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A 59-year-old female asked:

I would like to hear from anyone that knows anything about first bite syndrome. i was a victim of a violent attack and the left side of my face was badly injured to the extent i had surgery to reconstruct my face. now, i have first bite syndrome, which ev

2 doctor answers5 doctors weighed in
Dr. Gregory Johnson
Specializes in Orthodontics
Answer: : Answer: you present a complicated situation. With the accident you have had your normal anatomy changed and this may result in problems which are not normally expected. In the healing process some of the anatomy may have been compromised. Therefore many of the "usual" answers to your problemm may not apply. In complicated cases such as yours i would suggest you visit a university hospital/dental school for evaluation and help. The universities are up-to-date on all of the latest diagnostic procedures and treatment methods. The university environment also offers the widest range of possible specialties to help evaluate your problems. The university of pittsburgh school of dental medicine is one of the finest institutions of it's type in the world. They have an excellent department of head and neck specialists. I would seek out their council.
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Dr. Stephen Christensen
Family Medicine 36 years experience
I'm : I'm sorry to hear about your condition. Unfortunately, it isn't clear what really causes first-bite syndrome. It's believed that the loss of sympathetic nerve function to the parotid gland leads to "denervation supersensitivity" of the smooth muscle cells surrounding the gland's ducts. Thus, when the gland is stimulated -- that is, when you take that "first bite" -- these smooth muscle cells contract forcefully, leading to the pain you feel. Excuses aside, pain syndromes due to nerve damage (first-bite syndrome, complex regional pain syndrome, trigeminal neuralgia, et al.) can be exceedingly difficult to manage. Medications that alter pain perception (tricyclics, gabapentin, etc.) are the mainstay of treatment, but, as you've apparently discovered, they often don't do the trick. Some experts have postulated that removal of the parotid gland might address the pain in specific and stubborn cases of first-bite syndrome, but this approach is pretty radical and fraught with hazards. Recent work with botulinum toxin (i.e., botox) has shown some promise in treating first-bite syndrome. You might want to talk to your doctor about whether Botox would be useful for you.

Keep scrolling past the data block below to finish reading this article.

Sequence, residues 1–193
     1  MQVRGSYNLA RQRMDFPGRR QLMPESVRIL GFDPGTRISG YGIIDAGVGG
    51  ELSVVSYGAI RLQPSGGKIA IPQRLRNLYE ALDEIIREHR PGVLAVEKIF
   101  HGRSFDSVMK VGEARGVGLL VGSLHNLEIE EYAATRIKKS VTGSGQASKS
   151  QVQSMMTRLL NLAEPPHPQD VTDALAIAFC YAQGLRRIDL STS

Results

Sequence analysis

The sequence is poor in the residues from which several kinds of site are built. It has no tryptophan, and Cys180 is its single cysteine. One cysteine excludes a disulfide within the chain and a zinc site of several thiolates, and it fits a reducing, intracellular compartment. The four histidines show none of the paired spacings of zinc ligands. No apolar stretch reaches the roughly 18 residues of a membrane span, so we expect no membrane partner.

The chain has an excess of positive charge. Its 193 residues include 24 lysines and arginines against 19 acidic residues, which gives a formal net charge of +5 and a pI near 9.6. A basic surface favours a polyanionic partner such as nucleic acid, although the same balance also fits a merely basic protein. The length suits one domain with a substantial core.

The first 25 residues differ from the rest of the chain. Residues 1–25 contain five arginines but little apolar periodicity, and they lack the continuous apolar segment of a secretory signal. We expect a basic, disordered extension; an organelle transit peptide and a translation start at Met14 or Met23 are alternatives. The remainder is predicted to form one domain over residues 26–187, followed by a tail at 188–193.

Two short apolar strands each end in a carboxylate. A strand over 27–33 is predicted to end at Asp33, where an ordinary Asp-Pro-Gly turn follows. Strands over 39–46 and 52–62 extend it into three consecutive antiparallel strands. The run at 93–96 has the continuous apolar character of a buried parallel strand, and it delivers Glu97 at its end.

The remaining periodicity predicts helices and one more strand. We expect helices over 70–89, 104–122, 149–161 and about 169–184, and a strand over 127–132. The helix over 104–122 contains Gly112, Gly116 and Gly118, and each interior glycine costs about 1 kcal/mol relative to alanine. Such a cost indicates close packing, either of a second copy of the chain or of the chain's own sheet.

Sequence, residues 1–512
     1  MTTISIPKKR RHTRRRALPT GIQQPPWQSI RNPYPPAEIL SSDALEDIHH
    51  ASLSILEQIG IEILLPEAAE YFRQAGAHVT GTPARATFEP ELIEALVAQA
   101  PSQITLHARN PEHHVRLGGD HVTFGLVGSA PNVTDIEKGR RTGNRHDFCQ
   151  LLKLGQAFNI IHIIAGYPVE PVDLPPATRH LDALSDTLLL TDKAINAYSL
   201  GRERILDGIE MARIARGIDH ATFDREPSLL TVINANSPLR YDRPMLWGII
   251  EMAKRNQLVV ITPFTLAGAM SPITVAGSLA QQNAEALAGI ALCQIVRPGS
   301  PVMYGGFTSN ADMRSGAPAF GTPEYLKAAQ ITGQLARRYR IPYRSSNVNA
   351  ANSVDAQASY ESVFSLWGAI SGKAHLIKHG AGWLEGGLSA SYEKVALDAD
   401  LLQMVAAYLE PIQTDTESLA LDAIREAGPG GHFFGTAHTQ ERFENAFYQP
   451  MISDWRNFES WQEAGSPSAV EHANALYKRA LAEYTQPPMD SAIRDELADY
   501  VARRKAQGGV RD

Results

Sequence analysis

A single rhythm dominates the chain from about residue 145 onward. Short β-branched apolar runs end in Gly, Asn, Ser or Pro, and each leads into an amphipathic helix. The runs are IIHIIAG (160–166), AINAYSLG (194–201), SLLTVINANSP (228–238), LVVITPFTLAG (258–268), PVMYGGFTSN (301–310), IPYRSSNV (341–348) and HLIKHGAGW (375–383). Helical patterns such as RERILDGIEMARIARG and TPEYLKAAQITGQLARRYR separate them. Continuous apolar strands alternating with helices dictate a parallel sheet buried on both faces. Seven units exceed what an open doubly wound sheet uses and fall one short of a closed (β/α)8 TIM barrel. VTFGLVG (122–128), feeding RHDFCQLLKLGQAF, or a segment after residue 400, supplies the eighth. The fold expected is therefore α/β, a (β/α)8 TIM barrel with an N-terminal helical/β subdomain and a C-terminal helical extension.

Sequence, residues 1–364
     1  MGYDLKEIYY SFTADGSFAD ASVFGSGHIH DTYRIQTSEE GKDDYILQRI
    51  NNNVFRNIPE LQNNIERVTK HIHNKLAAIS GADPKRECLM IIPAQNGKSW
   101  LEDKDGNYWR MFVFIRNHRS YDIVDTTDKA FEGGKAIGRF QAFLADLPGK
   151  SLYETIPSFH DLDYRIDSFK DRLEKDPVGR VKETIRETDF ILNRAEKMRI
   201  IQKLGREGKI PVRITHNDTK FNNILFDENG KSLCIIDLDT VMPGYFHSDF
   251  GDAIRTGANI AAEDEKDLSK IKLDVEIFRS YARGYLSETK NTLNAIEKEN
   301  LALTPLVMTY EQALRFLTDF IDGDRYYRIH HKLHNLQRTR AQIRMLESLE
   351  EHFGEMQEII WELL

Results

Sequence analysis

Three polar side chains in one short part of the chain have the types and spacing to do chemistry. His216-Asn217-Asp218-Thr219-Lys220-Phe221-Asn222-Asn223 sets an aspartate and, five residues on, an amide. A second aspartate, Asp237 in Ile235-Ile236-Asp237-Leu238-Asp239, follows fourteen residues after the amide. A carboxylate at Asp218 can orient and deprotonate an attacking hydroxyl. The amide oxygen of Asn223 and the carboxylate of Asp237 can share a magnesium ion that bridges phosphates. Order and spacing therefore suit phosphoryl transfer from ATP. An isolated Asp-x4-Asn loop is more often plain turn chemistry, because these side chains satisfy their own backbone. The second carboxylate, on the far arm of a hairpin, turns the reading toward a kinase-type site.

Created for people with ongoing healthcare needs but benefits everyone.
Last updated Oct 4, 2016

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